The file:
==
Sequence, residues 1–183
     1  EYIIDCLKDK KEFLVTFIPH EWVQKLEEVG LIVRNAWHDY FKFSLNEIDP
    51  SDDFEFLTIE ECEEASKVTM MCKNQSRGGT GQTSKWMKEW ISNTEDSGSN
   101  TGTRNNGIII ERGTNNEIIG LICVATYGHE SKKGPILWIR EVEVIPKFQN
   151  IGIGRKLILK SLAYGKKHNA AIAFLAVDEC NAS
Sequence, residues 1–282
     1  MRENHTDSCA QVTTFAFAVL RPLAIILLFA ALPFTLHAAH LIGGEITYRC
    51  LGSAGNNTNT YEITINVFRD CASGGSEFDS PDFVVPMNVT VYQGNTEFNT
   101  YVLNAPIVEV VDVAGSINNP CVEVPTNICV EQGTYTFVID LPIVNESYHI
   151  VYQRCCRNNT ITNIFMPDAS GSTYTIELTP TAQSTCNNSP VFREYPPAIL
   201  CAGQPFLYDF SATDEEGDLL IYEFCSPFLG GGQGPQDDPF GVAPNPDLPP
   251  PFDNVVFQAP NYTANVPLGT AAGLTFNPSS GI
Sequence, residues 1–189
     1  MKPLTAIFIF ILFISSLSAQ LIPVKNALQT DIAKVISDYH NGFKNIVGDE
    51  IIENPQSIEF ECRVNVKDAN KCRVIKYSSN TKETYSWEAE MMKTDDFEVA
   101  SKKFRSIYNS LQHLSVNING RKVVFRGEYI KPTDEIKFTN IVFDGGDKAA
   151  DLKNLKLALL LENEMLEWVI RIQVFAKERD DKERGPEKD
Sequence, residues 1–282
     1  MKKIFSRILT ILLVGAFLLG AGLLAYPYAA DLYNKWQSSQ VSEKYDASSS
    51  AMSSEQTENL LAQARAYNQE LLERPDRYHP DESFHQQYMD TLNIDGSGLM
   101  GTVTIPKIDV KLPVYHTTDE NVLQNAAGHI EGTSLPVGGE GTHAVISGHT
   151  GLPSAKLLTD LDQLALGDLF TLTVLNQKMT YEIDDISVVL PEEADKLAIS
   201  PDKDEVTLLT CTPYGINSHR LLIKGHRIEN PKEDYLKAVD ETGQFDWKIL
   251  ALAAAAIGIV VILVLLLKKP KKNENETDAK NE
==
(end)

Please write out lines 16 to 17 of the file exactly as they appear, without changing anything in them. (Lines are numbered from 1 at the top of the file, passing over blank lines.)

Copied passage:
   101  SKKFRSIYNS LQHLSVNING RKVVFRGEYI KPTDEIKFTN IVFDGGDKAA
   151  DLKNLKLALL LENEMLEWVI RIQVFAKERD DKERGPEKD